If you are buying used tires, then you should use these images or charts to guide your purchase. Take a look at the entire tire surface before you buy and see if dry rot or sidewall cracks have started to form. If so, move on to the next set of tires.
It is best not to do it and we will not advise you to do it. This will be a decision you have to make once you get all the facts about dry rot and sidewall cracks. Keep in mind that no matter who tells you that the cracks can be fixed, they can’t.
They will only get worse. One of the reasons why this is not an advisable thing to do is because those cracks let in water and contaminants that will help degrade the rubber.
Another reason could be that air gets inside through the cracks and adds a little extra pressure. When you hit a pothole or bump that extra pressure may be too much for the tire and it will blow.
As you see by the charts above, the creators of those charts have about 3 or 4 acceptable levels before you should stop driving on those tires. But even those acceptable levels can cause you problems when you are driving.
That is because you do not know what damage is being done to the interior layers of rubber that make up the tire. After saying all of this, while you can drive on tires with cracks in the sidewall, it is not a very wise thing to do.
Knowing that dry rot and sidewall cracks cannot be repaired, this is your only solution. Life is precious and you really should not take chances with your or your family’s lives by driving on tires with dry rot or sidewall cracks.
When you go to the tire manufacturers’ websites, you will find that they have different safety standards when it comes to cracks. Some will say driving with any crack 1/8 of an inch or larger (length and width) is unsafe.
Others will say that if the crack is 1.2 inches long and 3.8 of an inch wide, it is unsafe to drive on those tires. As we said, patches do not stop cracks from getting bigger.
They may help you get home or to a tire outlet but do not rely on those patches to keep the tire from blowing out. One more thing, with cracks and dry rot on your tires, air can escape from the inside.
This loss of tire pressure will affect not only the tire but also your handling, braking, steering, and other driving aspects. It is just not safe to drive on tires with dry rot or cracks.
You can look at the two charts above and get a pretty good idea of how much cracking your tire can handle. The problem with those charts is that they do not and cannot show the depth of those cracks.
That is the most important aspect of these cracks. You never know how deep they are and they can ruin the materials inside very easily and without your knowledge.
Plus, those cracks do not stop growing. The more you use them the deeper and longer they will get. Even if you are leaving your RV in one spot for a long period of time, there are other elements that work that make those cracks bigger.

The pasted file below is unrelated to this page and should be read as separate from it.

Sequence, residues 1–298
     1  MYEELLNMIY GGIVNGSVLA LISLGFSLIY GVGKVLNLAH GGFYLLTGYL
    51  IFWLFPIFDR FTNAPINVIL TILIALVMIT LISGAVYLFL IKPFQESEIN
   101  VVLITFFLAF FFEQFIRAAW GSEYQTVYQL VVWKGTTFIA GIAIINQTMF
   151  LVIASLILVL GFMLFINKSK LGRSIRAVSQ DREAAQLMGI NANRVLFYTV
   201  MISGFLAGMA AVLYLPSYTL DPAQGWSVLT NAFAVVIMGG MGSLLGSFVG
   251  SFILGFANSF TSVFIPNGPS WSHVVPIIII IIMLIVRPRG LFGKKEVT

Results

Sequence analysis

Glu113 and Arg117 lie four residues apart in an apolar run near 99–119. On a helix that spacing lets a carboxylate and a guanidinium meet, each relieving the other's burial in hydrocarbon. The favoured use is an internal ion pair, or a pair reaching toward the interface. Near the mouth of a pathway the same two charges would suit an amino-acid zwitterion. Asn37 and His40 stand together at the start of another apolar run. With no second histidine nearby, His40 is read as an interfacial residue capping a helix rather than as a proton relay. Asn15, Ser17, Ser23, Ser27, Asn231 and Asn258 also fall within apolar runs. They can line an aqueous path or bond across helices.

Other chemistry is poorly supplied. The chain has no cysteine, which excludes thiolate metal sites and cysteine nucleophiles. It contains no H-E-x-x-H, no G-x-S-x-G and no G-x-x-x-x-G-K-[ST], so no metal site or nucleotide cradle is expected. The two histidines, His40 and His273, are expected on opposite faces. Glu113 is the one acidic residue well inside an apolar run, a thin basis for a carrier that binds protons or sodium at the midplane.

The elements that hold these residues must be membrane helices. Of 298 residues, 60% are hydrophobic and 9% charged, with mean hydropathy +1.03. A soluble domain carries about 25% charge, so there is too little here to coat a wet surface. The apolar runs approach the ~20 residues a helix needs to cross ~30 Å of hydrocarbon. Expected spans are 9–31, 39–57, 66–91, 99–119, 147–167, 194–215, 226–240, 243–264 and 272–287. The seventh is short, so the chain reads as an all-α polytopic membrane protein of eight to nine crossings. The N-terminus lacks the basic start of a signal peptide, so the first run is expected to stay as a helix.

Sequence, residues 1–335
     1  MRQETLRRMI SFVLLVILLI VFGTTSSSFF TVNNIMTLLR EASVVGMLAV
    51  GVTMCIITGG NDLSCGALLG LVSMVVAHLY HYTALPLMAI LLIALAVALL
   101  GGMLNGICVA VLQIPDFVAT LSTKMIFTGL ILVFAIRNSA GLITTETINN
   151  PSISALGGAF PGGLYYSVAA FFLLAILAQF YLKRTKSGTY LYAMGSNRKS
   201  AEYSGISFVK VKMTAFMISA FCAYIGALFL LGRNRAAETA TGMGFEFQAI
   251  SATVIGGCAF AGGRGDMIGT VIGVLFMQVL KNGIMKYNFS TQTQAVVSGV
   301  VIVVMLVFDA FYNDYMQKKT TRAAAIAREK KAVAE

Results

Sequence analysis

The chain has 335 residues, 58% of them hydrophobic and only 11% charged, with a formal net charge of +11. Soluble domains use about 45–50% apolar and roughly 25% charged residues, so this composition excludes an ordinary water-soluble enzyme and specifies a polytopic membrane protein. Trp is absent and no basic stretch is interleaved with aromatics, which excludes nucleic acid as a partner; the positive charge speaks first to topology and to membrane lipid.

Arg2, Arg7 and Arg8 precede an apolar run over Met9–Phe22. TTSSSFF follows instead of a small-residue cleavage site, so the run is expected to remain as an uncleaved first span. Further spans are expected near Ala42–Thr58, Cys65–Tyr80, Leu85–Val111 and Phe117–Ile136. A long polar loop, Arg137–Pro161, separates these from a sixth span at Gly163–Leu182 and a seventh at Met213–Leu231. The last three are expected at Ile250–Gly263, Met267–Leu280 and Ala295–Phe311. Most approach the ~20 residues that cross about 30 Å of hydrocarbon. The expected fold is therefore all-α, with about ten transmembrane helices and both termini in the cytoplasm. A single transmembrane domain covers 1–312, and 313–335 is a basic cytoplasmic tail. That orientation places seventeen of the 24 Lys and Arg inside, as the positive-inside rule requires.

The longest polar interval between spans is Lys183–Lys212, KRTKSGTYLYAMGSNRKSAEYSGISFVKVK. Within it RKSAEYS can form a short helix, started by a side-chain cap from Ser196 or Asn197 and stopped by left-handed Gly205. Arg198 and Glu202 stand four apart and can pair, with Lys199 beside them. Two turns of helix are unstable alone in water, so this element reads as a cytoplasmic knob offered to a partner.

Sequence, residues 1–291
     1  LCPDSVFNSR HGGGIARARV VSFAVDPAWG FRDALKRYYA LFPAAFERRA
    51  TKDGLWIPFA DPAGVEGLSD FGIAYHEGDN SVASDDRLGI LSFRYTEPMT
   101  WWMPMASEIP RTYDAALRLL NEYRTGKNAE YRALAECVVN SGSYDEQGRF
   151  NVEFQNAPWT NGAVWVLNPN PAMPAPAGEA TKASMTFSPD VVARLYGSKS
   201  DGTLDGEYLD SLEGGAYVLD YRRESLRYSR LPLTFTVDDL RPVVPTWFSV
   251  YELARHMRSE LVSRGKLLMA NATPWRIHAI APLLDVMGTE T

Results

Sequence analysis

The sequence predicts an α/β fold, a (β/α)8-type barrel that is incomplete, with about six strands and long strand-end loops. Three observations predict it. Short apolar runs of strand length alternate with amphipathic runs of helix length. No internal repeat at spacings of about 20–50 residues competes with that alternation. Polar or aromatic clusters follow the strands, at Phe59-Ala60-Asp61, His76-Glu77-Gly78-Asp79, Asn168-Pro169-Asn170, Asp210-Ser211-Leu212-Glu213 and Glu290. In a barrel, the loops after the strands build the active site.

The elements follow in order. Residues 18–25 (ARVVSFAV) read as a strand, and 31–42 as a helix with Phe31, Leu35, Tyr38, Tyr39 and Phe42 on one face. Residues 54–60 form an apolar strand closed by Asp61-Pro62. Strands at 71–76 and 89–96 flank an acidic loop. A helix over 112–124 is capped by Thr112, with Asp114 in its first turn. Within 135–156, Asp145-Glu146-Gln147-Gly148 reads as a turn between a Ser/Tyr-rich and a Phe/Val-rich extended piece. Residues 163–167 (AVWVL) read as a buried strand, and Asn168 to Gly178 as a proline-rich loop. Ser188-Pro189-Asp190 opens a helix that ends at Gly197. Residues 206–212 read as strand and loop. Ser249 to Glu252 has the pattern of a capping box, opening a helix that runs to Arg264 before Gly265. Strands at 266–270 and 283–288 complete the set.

We are not going to say how much cracking is okay on a tire. We leave that up to the professional tire people and manufacturers. We also do not recommend taking advice from many owners at the different RV discussion forums.
Some of it is good while others are not so good. You need to make this judgment call yourself. Cracked tires are an accident waiting to happen and the trouble is, you never know what size of crack will be the one that causes the tire to blow.
Air can leak out of any size of crack if it is deep enough. Water can get in any size of the crack and start degrading the rubber. So can contaminants like harsh chemicals, so you need to be careful with those tires.
There are several things you can do to slow the decay of your tires. Here are a few suggestions to help you:
1. Use tire covers- this helps with just one source, UV rays, but sometimes that will be enough
2. Drive your vehicle more often- while you do not like driving RVs in the city, you still need to drive them frequently to prevent dry rot and cracks. Ask the professionals how often you should drive t your vehicle.
3. Buy premium tires- these are made with better quality rubber and are made to better standards. This helps stop dry rot from starting. Cheap tires not so much.
4. Watch the tire cleaner ingredients- try to avoid those cleaners that come with harsh chemicals as ingredients. Those harsh chemicals do harm the rubber on your tires.
5. Keep your tires at the right tire pressure- try to stay away from under-inflating your tires at all times. Check them frequently to make sure you have them at the right psi level
6. Park your RV out of direct sunlight when possible- or use underground parking lots whenever possible. Keeping your RV out of the sunlight will help more than just protect your tires.
There are a lot of dangers around that can harm your tires. One of the best ways to practice defensive driving is to make sure your tires are in good shape, have the right air pressure, and have not contracted dry rot or sidewall cracks.
Once you get those cracks, it is best to replace them with new tires. The images above will help guide you in that purchase situation. It is not wise to drive with dry rot or sidewall cracks as it is a gamble if the tires will last or not.